Design Development Phase
In our last What To Expect post we discussed the first few steps of Our Design Process such as creating a storyboard for each project, talking through Pre-Design questionnaire and answers with our clients, and moving through Schematic Design. Today’s post is Part 1 of 2 that will describe what to expect from your architect through the second phase of our design process – Design Development Phase.
As the name suggests, during the Design Development (DD) Phase we develop the design of the project further. We try to determine selections for all materials and finishes, both interior and exterior, during this phase. Our goal is to know all of the answers- and therefore all of the costs associated – before we start construction. Beyond merely the cost of the material or fixture, the specifications – such as size and installation requirements, are also important to consider. Different materials or fixtures require slightly different design details. Making these decisions early in the design process will assure our clients can be confident in the cost of the project before we move forward.
Design Development: Exterior Design
Our first DD meeting is focused on developing the exterior design. We draw exterior elevations and build 3d “study models” in the computer to get a general idea for the massing of the house. These elevations and models help us discuss different material options, windows – placement, height, size, operable or not – roof heights and slopes, aesthetics…
Chalet Perche: DD Meeting 1
For our Chalet Perche project the main discussion in that first DD meeting was about the floor-to-ceiling glass facade in the living room. One or two large pieces of glass would be ideal, but the importance of opening up the living room to the deck and woods beyond meant we had to break up the facade . We knew that opening up the entire facade from one side to the other would be cost prohibitive, so we discussed alternatives that made sense for the way our clients intended to use the spaces. I believe we found a solution that maintains the minimal modern aesthetic that is so important to our clients, and one that also beautifully solves the functional aspect that is so integral to this design.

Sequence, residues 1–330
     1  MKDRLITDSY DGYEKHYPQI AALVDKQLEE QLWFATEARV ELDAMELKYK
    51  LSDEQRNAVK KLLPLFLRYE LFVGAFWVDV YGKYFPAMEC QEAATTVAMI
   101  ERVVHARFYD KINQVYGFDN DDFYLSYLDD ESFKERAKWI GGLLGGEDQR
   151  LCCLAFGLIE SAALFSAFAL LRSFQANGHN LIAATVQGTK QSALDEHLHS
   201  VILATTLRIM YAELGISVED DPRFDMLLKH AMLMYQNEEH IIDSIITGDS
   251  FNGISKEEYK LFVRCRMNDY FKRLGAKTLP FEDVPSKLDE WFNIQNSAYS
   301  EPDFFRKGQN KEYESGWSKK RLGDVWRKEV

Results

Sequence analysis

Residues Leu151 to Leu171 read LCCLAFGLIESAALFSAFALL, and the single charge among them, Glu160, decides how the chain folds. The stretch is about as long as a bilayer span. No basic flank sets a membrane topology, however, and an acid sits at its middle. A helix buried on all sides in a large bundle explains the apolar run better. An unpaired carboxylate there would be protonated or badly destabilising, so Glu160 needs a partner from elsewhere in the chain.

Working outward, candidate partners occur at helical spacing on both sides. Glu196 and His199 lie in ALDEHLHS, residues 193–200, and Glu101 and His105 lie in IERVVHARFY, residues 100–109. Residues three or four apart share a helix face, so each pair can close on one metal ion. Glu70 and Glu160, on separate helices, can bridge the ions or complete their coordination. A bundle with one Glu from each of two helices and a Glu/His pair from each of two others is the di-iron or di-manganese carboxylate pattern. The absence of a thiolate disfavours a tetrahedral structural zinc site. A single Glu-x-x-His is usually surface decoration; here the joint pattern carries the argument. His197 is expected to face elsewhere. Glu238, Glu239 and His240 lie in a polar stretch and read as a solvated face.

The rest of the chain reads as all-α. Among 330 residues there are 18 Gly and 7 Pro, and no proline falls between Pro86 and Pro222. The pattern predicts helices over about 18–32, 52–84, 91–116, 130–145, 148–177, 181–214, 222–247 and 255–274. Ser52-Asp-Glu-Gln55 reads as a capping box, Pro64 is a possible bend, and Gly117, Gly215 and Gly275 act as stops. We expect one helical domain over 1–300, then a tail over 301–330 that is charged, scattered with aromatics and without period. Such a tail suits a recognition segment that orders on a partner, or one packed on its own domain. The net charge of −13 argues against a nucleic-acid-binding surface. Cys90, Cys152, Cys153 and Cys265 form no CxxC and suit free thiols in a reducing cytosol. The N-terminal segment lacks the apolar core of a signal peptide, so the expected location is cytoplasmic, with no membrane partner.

Chalet Perche: Vertical Hemlock siding with black metal windows and trim details.
One of the things I’ve enjoyed most about working with our clients on the Bully Hill House is their desire to do something a little different – they are genuinely as excited as we are to be using a “new” material as the main cladding on their house. (And by “new” I only mean a material we’ve never worked with before.) It will be a learning experience for all of us – and I think that’s the part they like the best!
Bully Hill House: Corten Steel and black wood siding will be used as the cladding.
As noted above, this post only covers the first half of What To Expect during Design Development. We’ll post Part 2 -What To Expect from Your Architect: Interior Design Selections – in a few weeks. For more about DD and Working with an Architect see our previous posts here and here. Cheers!